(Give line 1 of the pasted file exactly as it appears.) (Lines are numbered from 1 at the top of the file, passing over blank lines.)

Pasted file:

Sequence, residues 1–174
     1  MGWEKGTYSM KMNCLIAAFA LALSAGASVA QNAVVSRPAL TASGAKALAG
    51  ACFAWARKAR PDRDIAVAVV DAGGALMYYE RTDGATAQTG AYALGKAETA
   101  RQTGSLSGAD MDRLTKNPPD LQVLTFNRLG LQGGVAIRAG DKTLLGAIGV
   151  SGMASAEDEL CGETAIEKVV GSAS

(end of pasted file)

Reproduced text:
Sequence, residues 1–174